This is the weekend for steep markdowns, and Keurig Green Mountain(NASDAQ:GMCR.DL) is getting in on the discounting action. Keurig Kold -- the carbonated-beverage maker that hit the market at $370 less than two months ago -- is seeing its stiff price tag get a big haircut over the holiday weekend.
Keurig is offering the machine that makes chilled brand-name sodas for just $199.99 on its website through the end of the weekend. It's not just Keurig.com that's marking down the versatile beverage maker. Bed Bath & Beyond (NASDAQ:BBBY) -- the housewares superstore chain that helped put Keurig's original coffee brewer on the map -- is also offering Kold at that price as a Black Friday deal. Bed Bath & Beyond billed the markdown as a "manufacturer's savings event."
Now, a $170, or 46% discount may seem pretty sweet on the surface, but this is also the kind of knee-jerk desperation that should give a potential buyer pause. Keurig wouldn't be selling a new product for a little more than half of its original price if it was selling well, and that's where early adopters can get burned. An investment in a new platform is also a bet on support.
What happens if Keurig cans Kold? Where will owners get their supplies? This isn't a machine where readily available soda syrup or third-party carbonation solutions can fit the bill. Kold pods are unique in that they combine the flavor and the carbonation. If Keurig decides to nix the Kold, the days will probably be numbered on the proprietary pods.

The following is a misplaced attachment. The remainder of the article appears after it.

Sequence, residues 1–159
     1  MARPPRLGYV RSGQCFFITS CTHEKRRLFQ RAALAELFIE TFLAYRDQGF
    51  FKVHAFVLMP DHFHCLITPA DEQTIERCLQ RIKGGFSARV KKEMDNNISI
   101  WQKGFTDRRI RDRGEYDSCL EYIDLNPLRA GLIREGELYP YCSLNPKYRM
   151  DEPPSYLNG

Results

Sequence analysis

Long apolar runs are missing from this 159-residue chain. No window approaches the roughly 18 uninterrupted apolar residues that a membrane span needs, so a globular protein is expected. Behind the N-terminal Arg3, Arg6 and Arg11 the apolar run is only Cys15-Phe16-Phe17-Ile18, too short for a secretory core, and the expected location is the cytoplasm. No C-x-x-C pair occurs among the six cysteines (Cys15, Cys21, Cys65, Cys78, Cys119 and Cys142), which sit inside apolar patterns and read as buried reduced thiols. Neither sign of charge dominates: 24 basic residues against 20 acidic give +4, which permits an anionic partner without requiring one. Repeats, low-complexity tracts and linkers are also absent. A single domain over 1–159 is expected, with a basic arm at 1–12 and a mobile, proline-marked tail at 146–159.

One also has to wonder what will happen next week. Will Keurig Kold merely go back to $369.99 as if nothing happened? If smoking out new buyers has been hard so far, imagine how it will be when folks realize that they missed the narrow window to buy it under $200. They're not going to jump on the platform at all, making it surprising if Keurig Kold's retail price remains at its original sticker in the future.
Pricing of the starter system was just one of the many shortcomings of Keurig Kold. There's also the matter of convenience. Keurig Kold may produce cold soda in just 90 seconds, but that also entails turning on the machine a couple of hours ahead of time to chill the water reservoir at a cool 39 degrees Fahrenheit.
There's also the issue of the pricing of the actual Kold pods. Keurig was able to get some of the soda industry's biggest brands on board, but brewing your own Diet Coke, or Canada Dry Ginger Ale, will cost you $1.25 for a mere eight-ounce serving. That's a high price to pay when larger soda cans are considerably cheaper.
So, yes, the temporary drop to below $200 is a good start; but Keurig Green Mountain has a long way to go if it wants to be successful in the sluggish carbonated-beverage market.